Obama promises big high speed Internet push
Presidential candidate Barack Obama continues to press for a national high speed Internet policy.
In a speech earlier this month on technology and the economy in Michigan, Obama pledged to "double federal funding for basic research and make the R&D tax credit permanent. We can ensure that the discoveries of the 21st century happen in America." Importantly, he reiterated his outspoken support for universal high speed Internet access:
"It is unacceptable that here, in the country that invented the Internet, we fell to 15th in the world in broadband deployment. When kids in downtown Flint or rural Iowa can't afford or access high speed Internet, that sets back America's ability to compete."
Obama was audacious in his vision for a digitally connected U.S.
"As president, I will set a simple goal: every American should have the highest speed broadband access -- no matter where you live, or how much money you have. We'll connect schools, libraries and hospitals."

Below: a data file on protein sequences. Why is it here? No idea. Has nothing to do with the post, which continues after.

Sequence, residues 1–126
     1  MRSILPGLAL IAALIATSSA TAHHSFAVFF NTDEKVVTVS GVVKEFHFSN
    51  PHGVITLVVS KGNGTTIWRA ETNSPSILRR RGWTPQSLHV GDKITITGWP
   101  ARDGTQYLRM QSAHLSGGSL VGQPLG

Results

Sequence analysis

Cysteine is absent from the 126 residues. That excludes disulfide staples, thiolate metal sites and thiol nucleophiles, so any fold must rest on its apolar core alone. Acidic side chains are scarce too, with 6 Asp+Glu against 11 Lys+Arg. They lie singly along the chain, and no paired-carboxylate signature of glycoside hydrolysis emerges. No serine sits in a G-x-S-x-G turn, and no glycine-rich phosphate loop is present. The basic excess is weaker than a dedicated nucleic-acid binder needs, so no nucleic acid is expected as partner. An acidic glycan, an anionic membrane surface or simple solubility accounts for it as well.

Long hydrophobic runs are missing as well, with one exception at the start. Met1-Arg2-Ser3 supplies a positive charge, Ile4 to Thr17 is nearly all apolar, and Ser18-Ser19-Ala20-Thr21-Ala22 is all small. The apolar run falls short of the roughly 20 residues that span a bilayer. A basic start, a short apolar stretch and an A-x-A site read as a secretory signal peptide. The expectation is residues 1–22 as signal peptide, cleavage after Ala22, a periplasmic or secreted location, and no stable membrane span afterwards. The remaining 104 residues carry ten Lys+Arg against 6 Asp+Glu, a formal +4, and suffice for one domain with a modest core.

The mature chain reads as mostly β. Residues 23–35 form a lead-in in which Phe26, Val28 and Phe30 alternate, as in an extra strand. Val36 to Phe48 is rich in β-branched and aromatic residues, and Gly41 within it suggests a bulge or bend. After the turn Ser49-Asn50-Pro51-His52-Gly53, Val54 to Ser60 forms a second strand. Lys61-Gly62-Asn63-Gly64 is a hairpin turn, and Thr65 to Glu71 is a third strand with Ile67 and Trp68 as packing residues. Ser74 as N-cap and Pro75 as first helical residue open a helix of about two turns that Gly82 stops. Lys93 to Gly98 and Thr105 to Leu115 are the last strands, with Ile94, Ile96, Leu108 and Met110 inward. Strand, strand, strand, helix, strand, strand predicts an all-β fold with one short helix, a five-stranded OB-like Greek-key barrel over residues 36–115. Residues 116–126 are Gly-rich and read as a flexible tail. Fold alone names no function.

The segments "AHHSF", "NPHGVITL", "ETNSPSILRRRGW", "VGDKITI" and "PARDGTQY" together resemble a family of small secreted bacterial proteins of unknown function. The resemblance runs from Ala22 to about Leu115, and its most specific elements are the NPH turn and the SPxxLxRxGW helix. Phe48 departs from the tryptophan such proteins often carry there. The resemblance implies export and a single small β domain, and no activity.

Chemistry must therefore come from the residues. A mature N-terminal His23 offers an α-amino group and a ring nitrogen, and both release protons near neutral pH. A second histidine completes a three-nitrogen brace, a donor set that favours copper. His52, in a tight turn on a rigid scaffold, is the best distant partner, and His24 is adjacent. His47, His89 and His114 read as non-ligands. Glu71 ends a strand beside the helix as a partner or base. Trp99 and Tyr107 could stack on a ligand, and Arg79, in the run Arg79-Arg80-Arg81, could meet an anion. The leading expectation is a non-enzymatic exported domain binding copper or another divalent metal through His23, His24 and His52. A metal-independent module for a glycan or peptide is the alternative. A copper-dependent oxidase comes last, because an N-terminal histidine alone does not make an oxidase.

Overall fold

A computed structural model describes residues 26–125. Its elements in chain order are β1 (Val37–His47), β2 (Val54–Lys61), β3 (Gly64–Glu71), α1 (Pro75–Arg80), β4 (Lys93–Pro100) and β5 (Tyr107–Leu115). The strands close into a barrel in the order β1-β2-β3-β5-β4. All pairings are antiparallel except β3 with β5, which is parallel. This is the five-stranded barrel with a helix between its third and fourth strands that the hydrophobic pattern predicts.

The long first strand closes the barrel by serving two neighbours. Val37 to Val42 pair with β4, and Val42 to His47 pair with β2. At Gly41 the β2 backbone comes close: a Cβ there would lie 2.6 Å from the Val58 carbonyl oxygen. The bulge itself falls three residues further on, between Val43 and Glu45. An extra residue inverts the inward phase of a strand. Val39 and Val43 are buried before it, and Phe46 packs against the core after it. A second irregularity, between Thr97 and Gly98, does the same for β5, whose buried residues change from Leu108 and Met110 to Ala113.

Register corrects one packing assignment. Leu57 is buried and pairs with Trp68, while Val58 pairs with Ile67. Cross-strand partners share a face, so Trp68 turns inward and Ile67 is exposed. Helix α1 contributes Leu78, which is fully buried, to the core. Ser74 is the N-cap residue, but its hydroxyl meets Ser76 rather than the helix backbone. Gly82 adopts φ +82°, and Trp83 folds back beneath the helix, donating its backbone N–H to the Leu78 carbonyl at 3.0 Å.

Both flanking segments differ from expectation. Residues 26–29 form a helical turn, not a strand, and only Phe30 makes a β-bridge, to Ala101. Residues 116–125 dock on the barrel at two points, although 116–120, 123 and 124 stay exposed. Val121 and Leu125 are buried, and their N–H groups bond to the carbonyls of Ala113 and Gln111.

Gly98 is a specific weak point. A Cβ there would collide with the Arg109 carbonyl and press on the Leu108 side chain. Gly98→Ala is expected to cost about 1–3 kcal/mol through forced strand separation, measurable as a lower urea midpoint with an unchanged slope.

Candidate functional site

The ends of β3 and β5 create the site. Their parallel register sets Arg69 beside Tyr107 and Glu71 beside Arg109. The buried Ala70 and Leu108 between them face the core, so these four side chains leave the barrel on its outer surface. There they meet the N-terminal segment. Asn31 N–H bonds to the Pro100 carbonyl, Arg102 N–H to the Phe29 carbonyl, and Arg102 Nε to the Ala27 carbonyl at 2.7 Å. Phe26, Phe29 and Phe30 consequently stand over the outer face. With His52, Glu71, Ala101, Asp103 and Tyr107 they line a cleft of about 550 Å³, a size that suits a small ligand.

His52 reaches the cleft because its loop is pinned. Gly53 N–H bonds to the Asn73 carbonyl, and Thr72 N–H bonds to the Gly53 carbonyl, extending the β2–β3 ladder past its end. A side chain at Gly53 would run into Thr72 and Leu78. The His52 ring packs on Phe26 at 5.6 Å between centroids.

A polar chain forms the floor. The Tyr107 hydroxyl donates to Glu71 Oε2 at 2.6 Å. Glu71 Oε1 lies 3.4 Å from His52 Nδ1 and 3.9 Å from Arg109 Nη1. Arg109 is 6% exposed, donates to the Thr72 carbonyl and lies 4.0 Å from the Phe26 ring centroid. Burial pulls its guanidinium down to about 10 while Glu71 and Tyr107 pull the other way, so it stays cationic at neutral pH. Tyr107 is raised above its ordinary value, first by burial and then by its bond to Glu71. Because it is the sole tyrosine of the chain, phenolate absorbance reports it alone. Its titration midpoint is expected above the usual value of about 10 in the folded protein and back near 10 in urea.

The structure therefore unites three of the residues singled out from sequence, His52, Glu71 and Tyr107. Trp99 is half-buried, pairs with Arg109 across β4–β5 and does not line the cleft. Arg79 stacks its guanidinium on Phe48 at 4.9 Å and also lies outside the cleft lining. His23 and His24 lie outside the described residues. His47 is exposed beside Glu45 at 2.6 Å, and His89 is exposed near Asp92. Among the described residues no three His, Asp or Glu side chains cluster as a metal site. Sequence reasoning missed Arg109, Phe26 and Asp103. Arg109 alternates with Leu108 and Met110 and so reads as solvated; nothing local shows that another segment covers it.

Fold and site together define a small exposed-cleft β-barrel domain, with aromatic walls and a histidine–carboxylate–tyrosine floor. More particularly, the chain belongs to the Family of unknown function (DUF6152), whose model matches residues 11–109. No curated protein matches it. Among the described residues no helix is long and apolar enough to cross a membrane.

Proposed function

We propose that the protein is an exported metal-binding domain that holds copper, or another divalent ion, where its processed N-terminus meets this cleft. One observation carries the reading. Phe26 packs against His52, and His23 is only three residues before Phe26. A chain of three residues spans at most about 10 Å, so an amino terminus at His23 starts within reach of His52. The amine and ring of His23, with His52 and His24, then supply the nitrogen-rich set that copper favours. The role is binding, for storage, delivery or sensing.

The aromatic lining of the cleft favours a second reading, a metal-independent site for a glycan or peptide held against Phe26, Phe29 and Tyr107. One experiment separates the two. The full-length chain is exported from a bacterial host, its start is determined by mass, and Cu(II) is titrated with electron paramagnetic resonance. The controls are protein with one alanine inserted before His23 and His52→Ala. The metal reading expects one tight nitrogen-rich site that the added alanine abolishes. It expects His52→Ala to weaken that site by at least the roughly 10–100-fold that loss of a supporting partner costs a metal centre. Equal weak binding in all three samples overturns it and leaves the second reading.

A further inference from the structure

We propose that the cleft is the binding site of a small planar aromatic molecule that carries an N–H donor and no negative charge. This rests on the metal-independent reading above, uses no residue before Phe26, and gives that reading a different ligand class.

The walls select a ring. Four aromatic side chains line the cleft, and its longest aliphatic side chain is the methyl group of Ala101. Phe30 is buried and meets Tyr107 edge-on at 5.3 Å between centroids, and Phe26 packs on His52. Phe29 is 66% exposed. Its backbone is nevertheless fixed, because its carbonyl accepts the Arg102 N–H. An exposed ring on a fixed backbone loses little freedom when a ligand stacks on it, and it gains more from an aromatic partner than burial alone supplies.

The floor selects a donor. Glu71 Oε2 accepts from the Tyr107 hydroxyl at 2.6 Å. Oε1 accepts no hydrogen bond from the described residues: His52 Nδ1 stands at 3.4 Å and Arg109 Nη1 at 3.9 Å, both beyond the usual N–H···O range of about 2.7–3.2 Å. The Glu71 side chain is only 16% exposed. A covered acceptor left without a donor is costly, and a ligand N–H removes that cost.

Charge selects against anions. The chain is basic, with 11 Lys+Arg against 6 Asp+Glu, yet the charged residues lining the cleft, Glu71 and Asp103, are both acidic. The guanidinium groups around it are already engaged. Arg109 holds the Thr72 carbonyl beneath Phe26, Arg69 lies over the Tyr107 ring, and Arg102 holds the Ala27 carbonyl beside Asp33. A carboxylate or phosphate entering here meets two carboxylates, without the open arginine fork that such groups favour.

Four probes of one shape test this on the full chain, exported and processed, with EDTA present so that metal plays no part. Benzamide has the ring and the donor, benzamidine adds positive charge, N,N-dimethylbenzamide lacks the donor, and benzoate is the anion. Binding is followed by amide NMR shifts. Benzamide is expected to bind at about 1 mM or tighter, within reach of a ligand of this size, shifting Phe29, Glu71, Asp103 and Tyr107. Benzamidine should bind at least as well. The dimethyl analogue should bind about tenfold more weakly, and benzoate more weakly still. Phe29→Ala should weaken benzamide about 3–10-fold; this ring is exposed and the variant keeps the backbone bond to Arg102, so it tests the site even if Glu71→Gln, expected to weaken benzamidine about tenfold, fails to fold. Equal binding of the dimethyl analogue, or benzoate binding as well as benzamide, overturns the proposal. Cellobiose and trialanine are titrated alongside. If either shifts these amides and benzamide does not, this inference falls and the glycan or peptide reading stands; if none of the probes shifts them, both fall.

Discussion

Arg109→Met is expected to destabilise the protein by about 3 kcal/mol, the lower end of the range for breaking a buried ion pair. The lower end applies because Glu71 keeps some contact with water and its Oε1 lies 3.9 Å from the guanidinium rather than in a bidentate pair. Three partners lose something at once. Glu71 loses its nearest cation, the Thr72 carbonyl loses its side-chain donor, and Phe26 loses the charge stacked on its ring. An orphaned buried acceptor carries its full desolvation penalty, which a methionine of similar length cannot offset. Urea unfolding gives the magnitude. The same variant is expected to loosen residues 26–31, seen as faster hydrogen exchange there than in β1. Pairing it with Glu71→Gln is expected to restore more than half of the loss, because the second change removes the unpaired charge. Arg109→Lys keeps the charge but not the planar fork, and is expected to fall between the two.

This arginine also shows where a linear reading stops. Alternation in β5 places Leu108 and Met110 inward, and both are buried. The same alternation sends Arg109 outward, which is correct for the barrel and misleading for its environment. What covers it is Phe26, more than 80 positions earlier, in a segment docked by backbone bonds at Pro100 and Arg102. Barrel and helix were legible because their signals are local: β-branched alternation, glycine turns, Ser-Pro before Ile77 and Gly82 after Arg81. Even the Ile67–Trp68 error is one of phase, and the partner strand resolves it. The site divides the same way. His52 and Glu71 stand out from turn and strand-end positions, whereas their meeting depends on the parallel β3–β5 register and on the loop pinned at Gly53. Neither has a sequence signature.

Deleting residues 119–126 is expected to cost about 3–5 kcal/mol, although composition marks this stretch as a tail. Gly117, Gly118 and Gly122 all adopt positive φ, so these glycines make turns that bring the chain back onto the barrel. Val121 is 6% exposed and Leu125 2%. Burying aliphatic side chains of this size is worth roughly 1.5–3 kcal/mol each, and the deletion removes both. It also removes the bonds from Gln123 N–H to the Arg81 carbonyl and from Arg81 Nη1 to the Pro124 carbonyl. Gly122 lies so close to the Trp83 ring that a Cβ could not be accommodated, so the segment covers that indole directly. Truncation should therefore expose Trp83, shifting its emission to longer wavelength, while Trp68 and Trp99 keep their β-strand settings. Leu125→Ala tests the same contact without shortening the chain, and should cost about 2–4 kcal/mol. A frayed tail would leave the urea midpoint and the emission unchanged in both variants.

In conferences and policy papers, the Obama campaign has previously stressed high speed Internet, arguing that technological access helps provide the skills necessary to compete in a global economy. But by taking the argument directly to voters in Michigan, the state with the highest levels of unemployment, he sought to tie the need for high speed Internet to economic prosperity for all.
Obama said his perspective was focused on the long-term. Though there would be a financial cost to implementing his policies, Obama conceded, he stressed that these important infrastructure investments would pay major dividends for the economy as a whole.
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